Secondary Explosives

They are relatively insensitive and need a great amount of energy to initiate decomposition. They have much more power than primary explosives and are used in demolition. The require a detonator to explode. Some secondary explosives are insensitive enough that they can be lit with a match -- or a torch -- and will simply burn like wood; a detonation wave is never formed.

(text links edited out for safety)

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Heh, that's the exact site I used for all of my information YT. You're right, gunpowder and flash powder are NOT High Explosives, but they are technically classified as explosive mixtures/compounds.

Explosives are distinguished between high explosives, which detonate, and low explosives, which deflagrate:

Low Explosives burn through deflagration rather than a detonation wave, are usually a mixture, are initiated by heat and require confinement to create an explosion; and

High Explosives explode in supersonic reactions and without confinement, are compounds, are initiated by shock or heat and have high brisance (the shattering effect of an explosion).

Note that some explosive materials can fall into either category, according to how they are initiated. For example, nitrocellulose deflagrates if ignited, but detonates if initiated by a strong detonator.

So as for high explosives, gunpowder and flash powder are definitely not high explosives; they are low explosives, but they definitely meet the requirements needed to call something an explosive. The link you provided fully backs this up. So until you can provide a source link which states that gunpowder and flashpowder are DEFINITIVELY not an explosive, I simply cannot accept your argument.

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Im surprised my grandmas gas isnt listed...

LMFAO. Quote of the month!

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• 2 months later...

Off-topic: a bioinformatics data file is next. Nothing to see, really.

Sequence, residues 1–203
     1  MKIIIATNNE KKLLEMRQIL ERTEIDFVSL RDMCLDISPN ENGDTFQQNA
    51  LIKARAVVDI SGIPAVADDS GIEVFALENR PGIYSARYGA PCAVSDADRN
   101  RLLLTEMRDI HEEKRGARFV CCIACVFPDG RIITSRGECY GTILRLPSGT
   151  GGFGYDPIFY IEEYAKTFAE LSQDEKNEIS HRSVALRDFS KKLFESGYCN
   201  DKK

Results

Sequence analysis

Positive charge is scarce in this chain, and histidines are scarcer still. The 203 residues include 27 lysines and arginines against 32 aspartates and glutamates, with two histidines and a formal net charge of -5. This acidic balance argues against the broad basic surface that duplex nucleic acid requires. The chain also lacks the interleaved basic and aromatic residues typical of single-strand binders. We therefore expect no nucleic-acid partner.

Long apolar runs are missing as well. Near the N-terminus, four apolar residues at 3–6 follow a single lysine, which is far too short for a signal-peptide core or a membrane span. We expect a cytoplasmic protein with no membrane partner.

Sorry if it has been mentioned above, but Im pretty sure it wasnt. I have a solution of Zinc Sulphate, and I would like to get my zinc out. What could I add to displace the zinc? Thanks

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add a more active metal that won't react with water. try magnesium or aluminum

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Gunpowder can detonate if it is unconfined, if it is above a certain weight in a pile. The weight of the gunpowder sort of confines it.

And in between primaries and secondaries there's often a 'booster'.

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There was an electroplating company which folks could take nickel plated over copper teapots and such which used reverse electrolysis to strip the plating off so as to have a copper piece. I don't know what the chemistry is for this process though, not understanding electrolysis and exactly how it works.

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but pennies have a relively thick copper layer, and electroplating that off (and evenly) would take a while.

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Gunpowder can detonate if it is unconfined, if it is above a certain weight in a pile. The weight of the gunpowder sort of confines it.

Dosen't that make it confined?

~Scott

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Gunpowder can detonate if it is unconfined' date=' if it is above a certain weight in a pile. The weight of the gunpowder sort of confines it.

[/quote']

Gunpowder as in BP cannot "Detonate" even IF confined!

and even self confinement, is still confinement.

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I put some Aluminium foil in the solution of zinc sulphate. It has been three days since i did this and there has been no change. Is there something that i need to do to the foil? thanks

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Maybe the oxide layer isn't wearing off the foil? The problem with aluminum foil is it forms an annoying oxide layer that resists corrosion. If that's the case, try adding a little sulfuric acid to help it along.